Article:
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The University of Southampton

GERO6022 Poverty and Social Protection Around The World (DL)

Module Overview

The module involves lectures and guest lectures from different disciplines. Learning activities include audio-lectures, which include trigger questions, and independent study. Students are expected to carry out some reading in advance of listening to each session, in order to make the most of the sessions.

Aims and Objectives

Learning Outcomes

Learning Outcomes

Having successfully completed this module you will be able to:

  • Understand key components of social protection in high- and low-income countries around the world.
  • Summarise major trends in the provision of social protection around the world.
  • Demonstrate awareness of the measurement of poverty in later life in high- and low-income countries around the world.
  • Use skills in summarising and critically discussing literature; and written communication skills developed through the preparation of assessed Coursework


The module includes online audio-recorded lectures on: Introduction to the module; The principles of social protection; Contributory Vs. non-contributory schemes of pension protection; Understanding and measuring poverty in later life in high-income countries; Understanding and measuring poverty in later life in low-income countries; Policy responses to poverty in later life; Social protection in European countries; Social protection in African case studies; Social protection in Asian case studies; Livelihoods and vulnerability in later life; Gender differences in pension protection; and Cohort differences in pension protection.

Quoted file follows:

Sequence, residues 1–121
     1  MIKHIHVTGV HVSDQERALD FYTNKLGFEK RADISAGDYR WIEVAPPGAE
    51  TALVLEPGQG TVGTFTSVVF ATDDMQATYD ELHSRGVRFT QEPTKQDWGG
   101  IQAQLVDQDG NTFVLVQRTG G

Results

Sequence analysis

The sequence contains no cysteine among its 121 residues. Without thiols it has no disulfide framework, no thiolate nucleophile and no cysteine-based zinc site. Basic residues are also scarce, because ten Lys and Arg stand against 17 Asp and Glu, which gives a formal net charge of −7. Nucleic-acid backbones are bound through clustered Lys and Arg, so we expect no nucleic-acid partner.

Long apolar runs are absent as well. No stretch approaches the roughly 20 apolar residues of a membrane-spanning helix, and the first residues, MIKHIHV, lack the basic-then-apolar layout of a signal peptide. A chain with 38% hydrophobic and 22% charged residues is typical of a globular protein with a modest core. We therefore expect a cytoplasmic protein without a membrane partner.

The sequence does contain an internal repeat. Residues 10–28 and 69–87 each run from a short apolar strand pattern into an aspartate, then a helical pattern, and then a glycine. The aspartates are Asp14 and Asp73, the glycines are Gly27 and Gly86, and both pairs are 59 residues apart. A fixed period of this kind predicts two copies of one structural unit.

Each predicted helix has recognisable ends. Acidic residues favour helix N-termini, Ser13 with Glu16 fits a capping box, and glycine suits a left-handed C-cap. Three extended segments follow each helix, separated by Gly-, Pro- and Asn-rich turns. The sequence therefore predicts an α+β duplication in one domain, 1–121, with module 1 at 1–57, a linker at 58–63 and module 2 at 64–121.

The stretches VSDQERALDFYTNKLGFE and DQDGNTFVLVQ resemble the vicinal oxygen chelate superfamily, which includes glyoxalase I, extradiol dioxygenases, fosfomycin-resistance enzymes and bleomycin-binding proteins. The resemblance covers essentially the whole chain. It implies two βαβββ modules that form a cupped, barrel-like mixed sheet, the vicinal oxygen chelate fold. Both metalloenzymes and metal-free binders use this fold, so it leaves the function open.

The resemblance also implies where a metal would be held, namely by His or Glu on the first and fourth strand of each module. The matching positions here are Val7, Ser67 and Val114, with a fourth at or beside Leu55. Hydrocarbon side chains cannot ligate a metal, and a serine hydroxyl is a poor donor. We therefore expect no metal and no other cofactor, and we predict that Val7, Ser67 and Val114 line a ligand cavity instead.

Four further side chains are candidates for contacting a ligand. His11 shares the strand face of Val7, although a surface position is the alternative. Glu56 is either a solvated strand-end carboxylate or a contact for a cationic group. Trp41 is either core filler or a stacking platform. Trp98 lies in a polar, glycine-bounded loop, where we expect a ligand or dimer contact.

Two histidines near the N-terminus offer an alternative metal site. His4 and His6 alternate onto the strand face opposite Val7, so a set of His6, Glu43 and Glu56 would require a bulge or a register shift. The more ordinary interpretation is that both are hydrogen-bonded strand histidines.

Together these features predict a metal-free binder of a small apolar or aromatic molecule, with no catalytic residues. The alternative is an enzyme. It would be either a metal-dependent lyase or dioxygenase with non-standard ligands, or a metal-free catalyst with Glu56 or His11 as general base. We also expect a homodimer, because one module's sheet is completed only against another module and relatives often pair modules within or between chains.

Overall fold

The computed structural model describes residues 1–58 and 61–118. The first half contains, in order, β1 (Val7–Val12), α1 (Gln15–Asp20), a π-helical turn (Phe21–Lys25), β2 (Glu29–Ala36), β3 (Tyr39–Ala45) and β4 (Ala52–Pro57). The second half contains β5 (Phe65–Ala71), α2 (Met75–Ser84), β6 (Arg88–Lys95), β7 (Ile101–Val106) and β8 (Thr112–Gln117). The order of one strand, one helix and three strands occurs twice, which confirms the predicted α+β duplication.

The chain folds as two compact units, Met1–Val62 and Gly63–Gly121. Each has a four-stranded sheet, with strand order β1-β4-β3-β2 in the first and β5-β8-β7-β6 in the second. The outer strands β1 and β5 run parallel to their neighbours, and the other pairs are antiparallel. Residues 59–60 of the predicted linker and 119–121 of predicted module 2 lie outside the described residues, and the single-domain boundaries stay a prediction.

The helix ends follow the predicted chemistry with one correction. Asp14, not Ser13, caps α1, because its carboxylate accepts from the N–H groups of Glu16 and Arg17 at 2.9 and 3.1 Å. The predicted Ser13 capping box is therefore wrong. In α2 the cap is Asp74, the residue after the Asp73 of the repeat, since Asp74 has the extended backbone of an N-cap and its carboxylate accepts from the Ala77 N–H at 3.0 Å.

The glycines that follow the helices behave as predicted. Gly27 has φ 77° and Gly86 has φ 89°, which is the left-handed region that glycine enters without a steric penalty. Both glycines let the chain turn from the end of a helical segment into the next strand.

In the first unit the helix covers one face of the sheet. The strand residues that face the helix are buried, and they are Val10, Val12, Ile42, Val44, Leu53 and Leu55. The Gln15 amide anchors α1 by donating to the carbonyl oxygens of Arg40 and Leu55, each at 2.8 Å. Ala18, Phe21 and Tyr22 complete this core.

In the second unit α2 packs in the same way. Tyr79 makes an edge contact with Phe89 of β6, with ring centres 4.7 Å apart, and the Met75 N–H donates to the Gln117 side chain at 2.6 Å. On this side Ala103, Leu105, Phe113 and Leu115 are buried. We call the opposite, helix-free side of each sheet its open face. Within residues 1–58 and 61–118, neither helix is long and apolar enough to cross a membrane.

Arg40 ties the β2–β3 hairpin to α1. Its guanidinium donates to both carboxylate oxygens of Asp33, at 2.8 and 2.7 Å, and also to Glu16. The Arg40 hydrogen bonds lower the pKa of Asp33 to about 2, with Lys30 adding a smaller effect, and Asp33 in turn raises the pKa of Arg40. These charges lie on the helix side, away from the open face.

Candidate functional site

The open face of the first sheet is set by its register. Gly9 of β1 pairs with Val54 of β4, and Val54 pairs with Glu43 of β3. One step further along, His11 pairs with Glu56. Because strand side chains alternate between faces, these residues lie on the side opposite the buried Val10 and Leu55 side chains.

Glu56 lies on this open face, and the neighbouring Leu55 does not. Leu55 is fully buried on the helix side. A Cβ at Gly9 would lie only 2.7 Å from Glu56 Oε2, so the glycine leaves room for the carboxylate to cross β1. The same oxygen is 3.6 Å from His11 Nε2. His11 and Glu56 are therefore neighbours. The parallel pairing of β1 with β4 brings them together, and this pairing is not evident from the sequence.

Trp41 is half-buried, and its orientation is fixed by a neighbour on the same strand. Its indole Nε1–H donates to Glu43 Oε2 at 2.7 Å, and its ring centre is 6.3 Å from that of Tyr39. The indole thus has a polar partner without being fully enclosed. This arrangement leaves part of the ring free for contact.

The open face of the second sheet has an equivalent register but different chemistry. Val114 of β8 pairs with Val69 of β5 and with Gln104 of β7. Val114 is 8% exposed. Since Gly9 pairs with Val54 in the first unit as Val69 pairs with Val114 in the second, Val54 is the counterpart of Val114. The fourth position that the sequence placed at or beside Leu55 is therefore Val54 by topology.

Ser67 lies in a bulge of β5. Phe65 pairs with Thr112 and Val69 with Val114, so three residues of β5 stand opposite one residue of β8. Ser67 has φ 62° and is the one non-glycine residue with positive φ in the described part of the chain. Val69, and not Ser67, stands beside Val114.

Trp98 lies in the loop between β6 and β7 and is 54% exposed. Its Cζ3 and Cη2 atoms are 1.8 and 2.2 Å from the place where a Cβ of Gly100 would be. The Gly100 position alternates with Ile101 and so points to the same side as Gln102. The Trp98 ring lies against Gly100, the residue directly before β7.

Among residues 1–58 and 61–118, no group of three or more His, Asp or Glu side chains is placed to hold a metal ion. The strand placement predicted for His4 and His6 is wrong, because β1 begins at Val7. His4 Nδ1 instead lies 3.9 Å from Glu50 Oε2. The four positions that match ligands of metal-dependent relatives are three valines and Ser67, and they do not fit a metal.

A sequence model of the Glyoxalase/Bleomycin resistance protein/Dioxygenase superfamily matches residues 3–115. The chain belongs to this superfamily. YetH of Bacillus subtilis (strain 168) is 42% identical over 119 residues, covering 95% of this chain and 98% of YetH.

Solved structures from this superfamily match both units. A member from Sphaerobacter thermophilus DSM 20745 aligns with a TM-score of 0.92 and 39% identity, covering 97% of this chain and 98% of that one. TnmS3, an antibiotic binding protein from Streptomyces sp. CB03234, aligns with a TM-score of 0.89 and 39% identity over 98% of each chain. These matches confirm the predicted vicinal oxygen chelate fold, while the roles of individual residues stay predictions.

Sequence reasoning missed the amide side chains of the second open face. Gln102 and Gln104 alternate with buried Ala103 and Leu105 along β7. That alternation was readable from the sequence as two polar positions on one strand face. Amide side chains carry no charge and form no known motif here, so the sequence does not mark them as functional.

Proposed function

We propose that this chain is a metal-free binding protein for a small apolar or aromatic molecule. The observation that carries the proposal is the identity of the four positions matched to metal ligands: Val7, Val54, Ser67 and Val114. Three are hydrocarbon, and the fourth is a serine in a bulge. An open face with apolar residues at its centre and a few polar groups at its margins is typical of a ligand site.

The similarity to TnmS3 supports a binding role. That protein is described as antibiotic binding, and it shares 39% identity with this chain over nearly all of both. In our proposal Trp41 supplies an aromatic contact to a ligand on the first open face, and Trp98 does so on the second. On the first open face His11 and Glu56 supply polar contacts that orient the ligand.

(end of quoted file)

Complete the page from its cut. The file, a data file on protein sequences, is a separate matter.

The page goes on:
Learning and Teaching

Teaching and learning methods

Online audio-recorded lectures. Learning activities include: Online lectures and independent study. Assessments: 1 assignment of no more than 4,000 words

Independent Study176
Total study time200

Resources & Reading list

Phillips, J. et al. (2010). Key Concepts in Social Gerontology. 

Barrientos, A. and Hulme, D. (eds) ( (2008)). Social Protection for the Poor and Poorest. Concepts, Policies and Politics.. 

Lloyd-Sherlock, P. (2010). Population Ageing and International Development. From generalisation to evidence.. 

Dannefer, D. and Phillipson, C. (eds) (2010). The Sage Handbook of Social Gerontology. 

Vincent, J. et al (eds) (2006). The Futures of Old Age. 

Other. Module resources will be available on Blackboard, such as lecture PowerPoint slides, audiorecordings of lectures, key readings, coursework details, references and module updates. Students will be provided with guidance to use Skype for verbal/visual communication with tutors.


Assessment Strategy

One assignment (4,000 words)


MethodPercentage contribution
Assignment  ( words) 100%


MethodPercentage contribution
Assignment  ( words) 100%

Repeat Information

Repeat type: Internal & External


Costs associated with this module

Students are responsible for meeting the cost of essential textbooks, and of producing such essays, assignments, laboratory reports and dissertations as are required to fulfil the academic requirements for each programme of study.

In addition to this, students registered for this module typically also have to pay for:

Books and Stationery equipment